7.3 years ago by
If you knew the samples were mixed, you could have aligned to a combination of mouse and human reference. That's the best solution; if a read matches mouse perfectly, and human with 2 mismatches, you want it to align to mouse, not to be forced to align to human.
I'd start by doing a simple count of each sequence represented in the unmapped reads. Something like
samtools view unmapped.bam | cut -f 10 | sort | uniq -c | sort -nr > sorted_reads.txt
Will make you a list of each read, and how often it turns up. Obviously it will separate reads that differ from each other by an error, which is not ideal, but this is at least a place to start. If 90% of the reads are the exact same sequence, you want to know that before you start blasting each one individually.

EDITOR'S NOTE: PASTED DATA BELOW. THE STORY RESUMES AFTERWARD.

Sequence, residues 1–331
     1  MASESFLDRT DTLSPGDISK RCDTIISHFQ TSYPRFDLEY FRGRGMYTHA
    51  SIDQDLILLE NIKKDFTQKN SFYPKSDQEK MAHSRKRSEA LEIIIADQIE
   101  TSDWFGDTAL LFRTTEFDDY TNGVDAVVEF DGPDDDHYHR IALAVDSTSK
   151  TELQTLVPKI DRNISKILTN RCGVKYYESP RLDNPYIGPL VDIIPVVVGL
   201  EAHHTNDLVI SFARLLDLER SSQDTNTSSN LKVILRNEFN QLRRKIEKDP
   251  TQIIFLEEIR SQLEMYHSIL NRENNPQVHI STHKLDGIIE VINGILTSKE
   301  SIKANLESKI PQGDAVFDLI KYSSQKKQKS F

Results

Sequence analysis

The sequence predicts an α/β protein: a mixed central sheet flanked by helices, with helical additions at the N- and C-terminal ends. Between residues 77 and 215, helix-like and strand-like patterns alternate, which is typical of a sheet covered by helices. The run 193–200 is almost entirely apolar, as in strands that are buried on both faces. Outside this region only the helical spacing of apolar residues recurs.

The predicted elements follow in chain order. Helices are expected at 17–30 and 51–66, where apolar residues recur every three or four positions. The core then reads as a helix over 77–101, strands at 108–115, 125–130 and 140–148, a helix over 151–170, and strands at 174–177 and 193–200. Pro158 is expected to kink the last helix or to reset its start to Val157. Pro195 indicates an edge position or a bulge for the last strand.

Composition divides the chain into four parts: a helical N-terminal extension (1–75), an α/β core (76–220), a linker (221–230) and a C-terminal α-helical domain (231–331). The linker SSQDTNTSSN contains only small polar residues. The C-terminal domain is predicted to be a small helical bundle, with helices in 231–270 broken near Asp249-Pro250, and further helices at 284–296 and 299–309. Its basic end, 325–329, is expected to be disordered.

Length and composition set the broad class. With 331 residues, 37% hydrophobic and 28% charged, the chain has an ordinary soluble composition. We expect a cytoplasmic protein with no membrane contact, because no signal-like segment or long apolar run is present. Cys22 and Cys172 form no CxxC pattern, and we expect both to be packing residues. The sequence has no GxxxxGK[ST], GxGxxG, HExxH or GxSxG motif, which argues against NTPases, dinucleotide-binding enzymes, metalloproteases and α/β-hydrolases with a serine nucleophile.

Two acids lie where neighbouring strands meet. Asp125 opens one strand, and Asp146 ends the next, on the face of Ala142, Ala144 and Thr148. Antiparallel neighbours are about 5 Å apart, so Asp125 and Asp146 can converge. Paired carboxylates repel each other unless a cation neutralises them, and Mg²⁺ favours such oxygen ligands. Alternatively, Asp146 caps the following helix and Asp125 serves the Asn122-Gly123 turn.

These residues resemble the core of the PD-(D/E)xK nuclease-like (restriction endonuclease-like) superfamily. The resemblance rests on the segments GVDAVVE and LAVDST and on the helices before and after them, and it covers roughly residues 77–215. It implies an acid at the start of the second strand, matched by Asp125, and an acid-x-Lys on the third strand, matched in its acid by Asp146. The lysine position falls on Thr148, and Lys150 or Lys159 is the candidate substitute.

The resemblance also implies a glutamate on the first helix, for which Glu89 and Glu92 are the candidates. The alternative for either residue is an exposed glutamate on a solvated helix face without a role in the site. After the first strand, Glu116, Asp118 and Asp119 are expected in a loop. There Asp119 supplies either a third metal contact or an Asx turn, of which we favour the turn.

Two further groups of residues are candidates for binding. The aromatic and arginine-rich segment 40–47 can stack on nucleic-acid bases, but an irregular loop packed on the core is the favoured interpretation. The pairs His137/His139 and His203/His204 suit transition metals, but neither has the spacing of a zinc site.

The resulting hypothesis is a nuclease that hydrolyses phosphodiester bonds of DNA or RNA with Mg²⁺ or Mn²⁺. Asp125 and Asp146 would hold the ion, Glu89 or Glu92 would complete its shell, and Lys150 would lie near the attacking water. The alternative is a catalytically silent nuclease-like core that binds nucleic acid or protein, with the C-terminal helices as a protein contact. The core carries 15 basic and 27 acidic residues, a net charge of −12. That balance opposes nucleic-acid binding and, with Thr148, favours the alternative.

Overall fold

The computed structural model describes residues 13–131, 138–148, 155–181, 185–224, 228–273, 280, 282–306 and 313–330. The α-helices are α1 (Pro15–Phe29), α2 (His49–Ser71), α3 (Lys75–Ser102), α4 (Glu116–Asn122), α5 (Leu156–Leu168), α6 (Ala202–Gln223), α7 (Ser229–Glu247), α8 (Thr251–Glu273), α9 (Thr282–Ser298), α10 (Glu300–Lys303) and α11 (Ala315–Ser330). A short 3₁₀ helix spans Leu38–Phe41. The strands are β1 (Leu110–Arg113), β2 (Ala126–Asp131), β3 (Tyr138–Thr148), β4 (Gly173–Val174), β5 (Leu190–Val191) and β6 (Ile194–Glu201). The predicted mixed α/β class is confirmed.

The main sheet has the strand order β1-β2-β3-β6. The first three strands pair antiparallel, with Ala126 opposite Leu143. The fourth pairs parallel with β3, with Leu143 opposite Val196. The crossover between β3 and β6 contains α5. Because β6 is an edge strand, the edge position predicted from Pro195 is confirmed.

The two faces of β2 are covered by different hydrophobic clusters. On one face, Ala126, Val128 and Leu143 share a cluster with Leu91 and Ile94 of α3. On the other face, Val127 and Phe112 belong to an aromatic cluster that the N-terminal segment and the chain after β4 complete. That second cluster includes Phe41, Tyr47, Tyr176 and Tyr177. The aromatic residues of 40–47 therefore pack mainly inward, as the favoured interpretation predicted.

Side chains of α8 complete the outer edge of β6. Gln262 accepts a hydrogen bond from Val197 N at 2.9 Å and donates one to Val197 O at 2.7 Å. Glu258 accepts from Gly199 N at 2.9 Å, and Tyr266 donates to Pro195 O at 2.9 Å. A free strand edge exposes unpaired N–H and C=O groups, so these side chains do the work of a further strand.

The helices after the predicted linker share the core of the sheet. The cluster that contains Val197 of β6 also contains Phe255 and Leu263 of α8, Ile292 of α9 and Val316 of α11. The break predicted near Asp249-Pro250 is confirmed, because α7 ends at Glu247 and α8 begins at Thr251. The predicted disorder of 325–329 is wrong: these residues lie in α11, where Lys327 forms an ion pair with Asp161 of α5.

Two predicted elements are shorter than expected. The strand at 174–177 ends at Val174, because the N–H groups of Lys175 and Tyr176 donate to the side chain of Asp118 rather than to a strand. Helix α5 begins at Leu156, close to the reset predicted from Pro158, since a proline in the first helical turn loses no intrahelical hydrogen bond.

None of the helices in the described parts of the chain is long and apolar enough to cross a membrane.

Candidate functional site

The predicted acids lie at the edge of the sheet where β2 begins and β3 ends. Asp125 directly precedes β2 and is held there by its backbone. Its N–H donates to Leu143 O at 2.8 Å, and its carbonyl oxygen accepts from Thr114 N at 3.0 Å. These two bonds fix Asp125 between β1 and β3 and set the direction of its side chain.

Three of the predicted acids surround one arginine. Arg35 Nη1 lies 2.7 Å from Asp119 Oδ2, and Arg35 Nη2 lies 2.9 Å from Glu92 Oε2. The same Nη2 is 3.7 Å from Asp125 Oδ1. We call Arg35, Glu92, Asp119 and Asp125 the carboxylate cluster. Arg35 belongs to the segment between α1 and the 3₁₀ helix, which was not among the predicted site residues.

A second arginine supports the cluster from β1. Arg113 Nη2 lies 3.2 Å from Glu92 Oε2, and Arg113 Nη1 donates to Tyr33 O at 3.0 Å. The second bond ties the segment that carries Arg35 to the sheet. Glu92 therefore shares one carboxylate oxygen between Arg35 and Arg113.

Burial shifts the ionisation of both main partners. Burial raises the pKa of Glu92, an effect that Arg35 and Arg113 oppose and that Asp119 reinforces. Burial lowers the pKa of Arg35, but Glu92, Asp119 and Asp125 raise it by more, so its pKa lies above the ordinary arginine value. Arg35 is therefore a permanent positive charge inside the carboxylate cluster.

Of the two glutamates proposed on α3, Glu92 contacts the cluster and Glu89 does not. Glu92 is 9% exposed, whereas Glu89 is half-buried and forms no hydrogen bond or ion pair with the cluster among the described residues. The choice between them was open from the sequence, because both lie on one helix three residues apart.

You could also try de novo assembly on the unmapped reads. It won't do much if your reads are scattered across a mammalian genome, but if they are something else, like mouse mitochondrial genes, it could help.
But before you make a program to BLAST each one, just spot-check a few. 80-90% aligned seems alright to me, you might just be looking at noise.